Keep a picture journal of your garden. Because we live in our gardens, we don’t often notice how they evolve, and when our full sun perennials fade out, we wonder why. Look up. How much bigger are the dogwoods and maple trees that you planted? How large are the rhododendrons now? It may be time to transplant sun loving perennials to sunnier spots and incorporate more shade tolerant ones. Gardens are not static. They’re organic, evolving spaces, which is what keeps us intrigued.
Check the health of your shrubs. Are the interiors full of dead twigs? It may be time for some drastic pruning. Many shrubs benefit from rejevenation pruning. Rhododendrons, azaleas, hollies, boxwoods, all can be cut back to 18” (after blooming for the spring blooming shrubs), essentially creating a new shrub. If you’ve been pruning the same azalea year after year to the same height, it may be time. Make a note of what needs attention for next season.
A few more things to consider: Do you need some shade or bones in the garden? Now is the time to plant trees and shrubs. The soil temperatures stay warmer than the air temperatures as we move into fall, allowing roots to develop over shoots, which is exactly what the plant needs. Remember you’re growing roots, even if you’re enjoying the shoots.
Maybe the garden could use some winter interest. Often we go for the blooming plants while forgetting that winter will be bare. Consider conifers to bring in winter color. Conifers aren’t just pine trees, and they aren’t just green. They range in colors from silvery blue—think blue spruce—to chartreuse and even red. And while a Norway spruce is beautiful, not all yards have space for one. Conifers range in size from two feet tall to 100 feet tall. The choices are limitless.
Want a pollinator garden? Now is the time to plan for it. How about planting for wildlife and birds? Whatever it is, get out the note paper and start dreaming. It’ll infuse some passion back into the garden and get you excited about a winter in front of the fire with sketches and plant lists.
Weed, Weed, Weed: Bulb buying and dreaming for next year’s garden beat this chore, but it’s necessary. Many weeds are going to seed now and ousting them before that happens is crucial. At least try to remove the seed heads with a sharp pair of deadheaders. Yes, you can call it quits on weeding, but that means next spring they’ll be back with a vengeance. One year’s seed is seven years’ weed, as the saying goes. Set a timer, weed for one hour one day, then again another day. That’s one hour you will love yourself for come spring.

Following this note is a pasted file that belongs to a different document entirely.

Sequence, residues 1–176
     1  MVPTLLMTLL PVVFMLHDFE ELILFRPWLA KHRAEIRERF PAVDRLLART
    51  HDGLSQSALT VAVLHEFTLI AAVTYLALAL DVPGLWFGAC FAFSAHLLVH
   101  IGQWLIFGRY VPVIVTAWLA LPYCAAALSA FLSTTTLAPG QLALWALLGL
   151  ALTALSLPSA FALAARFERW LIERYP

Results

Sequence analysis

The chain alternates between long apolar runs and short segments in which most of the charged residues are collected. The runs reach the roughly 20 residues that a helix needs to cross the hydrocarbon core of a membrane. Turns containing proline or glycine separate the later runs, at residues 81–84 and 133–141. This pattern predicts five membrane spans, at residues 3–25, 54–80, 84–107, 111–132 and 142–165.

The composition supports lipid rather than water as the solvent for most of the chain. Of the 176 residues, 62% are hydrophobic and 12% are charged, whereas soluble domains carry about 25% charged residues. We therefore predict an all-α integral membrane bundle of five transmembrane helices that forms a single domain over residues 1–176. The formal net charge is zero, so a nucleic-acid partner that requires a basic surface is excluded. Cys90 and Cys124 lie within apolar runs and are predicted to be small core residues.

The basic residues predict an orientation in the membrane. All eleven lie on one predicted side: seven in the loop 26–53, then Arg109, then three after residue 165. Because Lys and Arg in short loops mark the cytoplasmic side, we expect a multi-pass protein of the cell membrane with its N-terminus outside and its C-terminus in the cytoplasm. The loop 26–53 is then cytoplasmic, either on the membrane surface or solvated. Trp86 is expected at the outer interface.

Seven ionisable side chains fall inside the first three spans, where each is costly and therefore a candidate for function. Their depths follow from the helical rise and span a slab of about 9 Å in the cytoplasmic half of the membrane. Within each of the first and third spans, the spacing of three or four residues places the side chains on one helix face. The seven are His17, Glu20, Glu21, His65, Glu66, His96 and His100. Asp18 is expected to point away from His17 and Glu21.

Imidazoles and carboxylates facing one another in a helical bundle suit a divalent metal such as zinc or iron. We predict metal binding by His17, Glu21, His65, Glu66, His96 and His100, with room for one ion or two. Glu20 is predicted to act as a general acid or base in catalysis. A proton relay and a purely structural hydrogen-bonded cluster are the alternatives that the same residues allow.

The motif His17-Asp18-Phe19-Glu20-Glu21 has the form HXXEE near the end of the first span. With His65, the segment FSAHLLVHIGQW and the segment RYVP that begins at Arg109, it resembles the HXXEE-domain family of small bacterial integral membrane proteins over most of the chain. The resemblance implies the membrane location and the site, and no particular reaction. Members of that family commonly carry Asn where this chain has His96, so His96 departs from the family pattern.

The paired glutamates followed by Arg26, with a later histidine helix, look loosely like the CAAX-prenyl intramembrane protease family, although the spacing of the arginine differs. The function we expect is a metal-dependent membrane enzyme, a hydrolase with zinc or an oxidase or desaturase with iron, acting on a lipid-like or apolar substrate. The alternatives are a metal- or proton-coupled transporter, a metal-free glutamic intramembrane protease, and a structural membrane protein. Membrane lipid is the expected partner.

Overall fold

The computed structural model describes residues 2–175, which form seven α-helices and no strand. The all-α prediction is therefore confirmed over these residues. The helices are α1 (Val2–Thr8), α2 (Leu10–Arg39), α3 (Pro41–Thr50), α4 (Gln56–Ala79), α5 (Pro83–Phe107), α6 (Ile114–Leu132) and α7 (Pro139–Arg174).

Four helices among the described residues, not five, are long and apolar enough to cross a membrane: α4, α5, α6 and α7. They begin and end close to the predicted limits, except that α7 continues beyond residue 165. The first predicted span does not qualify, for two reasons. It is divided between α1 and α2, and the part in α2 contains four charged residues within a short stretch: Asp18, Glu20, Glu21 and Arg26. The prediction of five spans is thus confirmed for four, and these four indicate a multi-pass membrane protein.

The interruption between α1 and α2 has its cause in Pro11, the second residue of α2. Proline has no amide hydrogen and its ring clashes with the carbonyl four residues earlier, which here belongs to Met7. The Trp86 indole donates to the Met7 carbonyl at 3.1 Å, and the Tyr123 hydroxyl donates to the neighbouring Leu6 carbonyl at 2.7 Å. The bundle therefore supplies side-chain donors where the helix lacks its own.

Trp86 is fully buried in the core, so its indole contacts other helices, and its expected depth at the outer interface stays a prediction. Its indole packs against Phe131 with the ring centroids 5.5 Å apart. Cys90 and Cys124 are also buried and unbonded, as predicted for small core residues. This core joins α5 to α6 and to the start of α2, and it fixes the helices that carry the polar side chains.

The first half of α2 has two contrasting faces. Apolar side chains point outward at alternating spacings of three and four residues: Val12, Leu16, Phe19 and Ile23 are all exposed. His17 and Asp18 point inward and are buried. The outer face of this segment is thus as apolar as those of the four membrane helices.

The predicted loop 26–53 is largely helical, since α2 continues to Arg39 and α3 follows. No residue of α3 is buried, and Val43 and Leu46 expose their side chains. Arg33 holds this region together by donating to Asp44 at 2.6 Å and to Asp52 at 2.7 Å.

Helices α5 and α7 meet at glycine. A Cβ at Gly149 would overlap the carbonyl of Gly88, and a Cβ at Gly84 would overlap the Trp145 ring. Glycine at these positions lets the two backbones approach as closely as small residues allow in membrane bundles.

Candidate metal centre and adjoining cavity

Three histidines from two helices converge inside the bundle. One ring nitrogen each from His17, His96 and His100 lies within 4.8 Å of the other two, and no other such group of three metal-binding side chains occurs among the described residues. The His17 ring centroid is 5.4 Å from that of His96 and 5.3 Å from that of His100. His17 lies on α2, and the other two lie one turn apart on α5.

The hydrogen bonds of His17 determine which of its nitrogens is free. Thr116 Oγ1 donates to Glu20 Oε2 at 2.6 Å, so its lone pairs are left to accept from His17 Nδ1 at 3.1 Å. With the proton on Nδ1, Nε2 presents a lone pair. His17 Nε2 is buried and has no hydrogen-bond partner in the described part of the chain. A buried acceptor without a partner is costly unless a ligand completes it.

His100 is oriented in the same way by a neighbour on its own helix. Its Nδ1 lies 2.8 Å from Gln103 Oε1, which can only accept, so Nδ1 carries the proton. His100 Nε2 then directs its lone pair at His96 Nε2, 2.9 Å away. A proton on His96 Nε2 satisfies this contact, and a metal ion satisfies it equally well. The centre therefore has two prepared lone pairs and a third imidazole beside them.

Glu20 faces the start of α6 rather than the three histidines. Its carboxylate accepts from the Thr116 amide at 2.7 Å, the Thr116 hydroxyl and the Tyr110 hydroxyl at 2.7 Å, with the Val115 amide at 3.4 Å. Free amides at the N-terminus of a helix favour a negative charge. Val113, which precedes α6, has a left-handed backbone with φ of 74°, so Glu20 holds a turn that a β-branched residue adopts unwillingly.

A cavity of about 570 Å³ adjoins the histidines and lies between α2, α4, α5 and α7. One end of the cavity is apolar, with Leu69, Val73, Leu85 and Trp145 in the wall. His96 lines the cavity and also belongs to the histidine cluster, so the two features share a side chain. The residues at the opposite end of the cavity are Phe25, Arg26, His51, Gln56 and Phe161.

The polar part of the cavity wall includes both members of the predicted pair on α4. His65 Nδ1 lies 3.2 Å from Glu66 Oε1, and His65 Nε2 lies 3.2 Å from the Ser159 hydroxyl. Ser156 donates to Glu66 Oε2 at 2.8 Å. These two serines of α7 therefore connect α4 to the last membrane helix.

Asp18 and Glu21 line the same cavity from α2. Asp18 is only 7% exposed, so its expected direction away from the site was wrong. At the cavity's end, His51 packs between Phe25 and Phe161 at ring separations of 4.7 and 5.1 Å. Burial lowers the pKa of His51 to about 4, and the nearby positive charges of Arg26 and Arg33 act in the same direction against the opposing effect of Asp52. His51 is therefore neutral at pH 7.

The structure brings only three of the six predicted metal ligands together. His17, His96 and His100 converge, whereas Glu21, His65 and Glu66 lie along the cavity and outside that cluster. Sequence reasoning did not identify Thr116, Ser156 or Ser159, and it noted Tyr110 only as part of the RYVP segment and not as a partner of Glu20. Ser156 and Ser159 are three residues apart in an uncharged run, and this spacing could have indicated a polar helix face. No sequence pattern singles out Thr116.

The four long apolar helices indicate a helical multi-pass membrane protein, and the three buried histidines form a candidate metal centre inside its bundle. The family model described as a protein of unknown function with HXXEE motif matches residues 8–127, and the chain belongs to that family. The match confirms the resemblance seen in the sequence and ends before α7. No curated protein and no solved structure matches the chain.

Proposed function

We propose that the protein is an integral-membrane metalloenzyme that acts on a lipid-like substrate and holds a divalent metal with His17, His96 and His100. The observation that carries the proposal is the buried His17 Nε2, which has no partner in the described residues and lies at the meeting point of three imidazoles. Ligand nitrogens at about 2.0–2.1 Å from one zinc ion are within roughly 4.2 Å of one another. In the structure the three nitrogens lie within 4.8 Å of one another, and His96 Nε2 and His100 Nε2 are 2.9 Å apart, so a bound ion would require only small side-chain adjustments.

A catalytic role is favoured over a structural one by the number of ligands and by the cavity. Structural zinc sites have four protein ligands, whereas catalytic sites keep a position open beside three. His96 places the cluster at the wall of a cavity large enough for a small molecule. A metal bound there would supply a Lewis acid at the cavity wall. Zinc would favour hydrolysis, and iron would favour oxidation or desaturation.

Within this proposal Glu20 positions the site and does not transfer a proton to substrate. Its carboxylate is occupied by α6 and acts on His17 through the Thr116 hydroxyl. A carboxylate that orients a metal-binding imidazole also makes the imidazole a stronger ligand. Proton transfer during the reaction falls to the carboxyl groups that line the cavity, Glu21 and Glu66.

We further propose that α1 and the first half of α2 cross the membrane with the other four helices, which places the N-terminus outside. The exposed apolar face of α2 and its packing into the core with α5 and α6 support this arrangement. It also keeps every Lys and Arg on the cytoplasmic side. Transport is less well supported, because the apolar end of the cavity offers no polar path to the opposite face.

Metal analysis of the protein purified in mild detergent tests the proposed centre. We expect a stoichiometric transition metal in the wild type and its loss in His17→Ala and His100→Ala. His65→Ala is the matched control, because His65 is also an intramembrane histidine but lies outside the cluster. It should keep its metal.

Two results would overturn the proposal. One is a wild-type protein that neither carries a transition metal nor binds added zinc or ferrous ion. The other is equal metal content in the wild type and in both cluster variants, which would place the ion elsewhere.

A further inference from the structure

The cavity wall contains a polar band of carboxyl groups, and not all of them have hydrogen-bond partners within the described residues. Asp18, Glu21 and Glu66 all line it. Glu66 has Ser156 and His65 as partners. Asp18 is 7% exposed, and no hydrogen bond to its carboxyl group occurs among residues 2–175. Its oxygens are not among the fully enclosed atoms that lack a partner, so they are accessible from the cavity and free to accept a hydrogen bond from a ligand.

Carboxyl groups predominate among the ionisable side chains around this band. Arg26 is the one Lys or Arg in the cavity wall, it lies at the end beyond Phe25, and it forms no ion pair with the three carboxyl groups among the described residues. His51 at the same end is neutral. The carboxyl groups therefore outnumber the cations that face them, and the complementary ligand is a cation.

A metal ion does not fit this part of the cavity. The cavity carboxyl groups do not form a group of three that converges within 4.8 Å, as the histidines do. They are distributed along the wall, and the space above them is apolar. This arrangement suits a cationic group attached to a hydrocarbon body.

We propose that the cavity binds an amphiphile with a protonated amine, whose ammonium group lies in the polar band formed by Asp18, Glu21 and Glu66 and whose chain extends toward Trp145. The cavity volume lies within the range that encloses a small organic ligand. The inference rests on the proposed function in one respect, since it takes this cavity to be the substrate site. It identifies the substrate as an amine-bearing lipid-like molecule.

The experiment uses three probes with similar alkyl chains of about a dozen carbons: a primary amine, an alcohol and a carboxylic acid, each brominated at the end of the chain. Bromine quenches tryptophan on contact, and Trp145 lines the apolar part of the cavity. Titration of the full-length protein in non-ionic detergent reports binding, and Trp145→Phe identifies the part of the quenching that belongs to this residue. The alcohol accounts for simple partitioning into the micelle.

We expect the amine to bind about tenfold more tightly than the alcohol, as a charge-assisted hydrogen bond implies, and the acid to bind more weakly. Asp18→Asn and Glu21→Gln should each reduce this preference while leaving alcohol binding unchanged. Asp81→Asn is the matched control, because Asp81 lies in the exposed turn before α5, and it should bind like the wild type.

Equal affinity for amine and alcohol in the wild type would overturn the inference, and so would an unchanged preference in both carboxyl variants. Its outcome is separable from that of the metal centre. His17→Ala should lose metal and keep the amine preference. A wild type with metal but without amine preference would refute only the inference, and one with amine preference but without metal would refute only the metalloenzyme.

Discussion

Gather the leaves: When the leaves start falling, do rake them off the grass, so you don’t kill the grass, but don’t give them to your municipality. Instead, gather them up and put them into the garden beds. You can put them directly into the garden beds, but certain leaves will mat together and form a slick barrier making it hard for rain to penetrate and next year, you’ll have to rake them back. Here’s a better and easy way. Rake them into a pile and run the lawn mower over them a few times. There is such a thing as a leaf shredder, which is very efficient and useful (think of a big paper shredder), but the lawnmower works, too. Then mulch the garden beds with the shredded leaves.
Skip the expensive wood mulch, and comfort yourself with the knowledge that leaves contain two times the mineral content of manure, act as organic roughage–adding them to the soil improves drainage and aeration–and serve as food for beneficial microbes. There’s also the compost bin if you have one. Leaves are great food for compost. Leaves are garden gold. Use what nature gives you.
Save some for the birds and wildlife. A tidy garden is good and weeding important, but leave some of those coneflowers, black-eyed Susans, and ornamental grasses for the birds who love the seeds and like to cozy up inside the golden grass stands for winter. You can cut those back in spring.
Clean out birdhouses and wash bird feeders. Some birdfeeders can go into the dishwasher, but if yours can’t, just use warm water, a little soap, and scrub, rinsing well. Clean bird feeders help reduce the possibility of spreading disease and sickness among birds.
Clean and store tools. Wash soil and grime from all tools. Use a sharpener on dull tools and cover with a coat of oil to prevent rusting. It’s not a bad idea to do this frequently during the summer, but most of us forget or are too tired after a day of gardening, so get tools ready now for next spring. Store tools separately.
One Final Note
Pruning: Pruning is a late winter, early spring chore (late February to early March). If you need to shape some shrubs now because they’re taking over pathways or windows, do so lightly. Pruning stimulates growth and any new growth now wouldn’t have time to harden off before freezing temperatures. Otherwise, save this chore for spring.
All finished! Now, even the garden coach is being lured indoors with the thought of a good book, warm tea, and fireplace. And oh yeah, Clemson football. May your winter be blessed with quiet and restored creativity for next year’s garden.
CINTHIA MILNER is a garden coach at B.B. Barns Garden Center & Landscaping Services in Arden, NC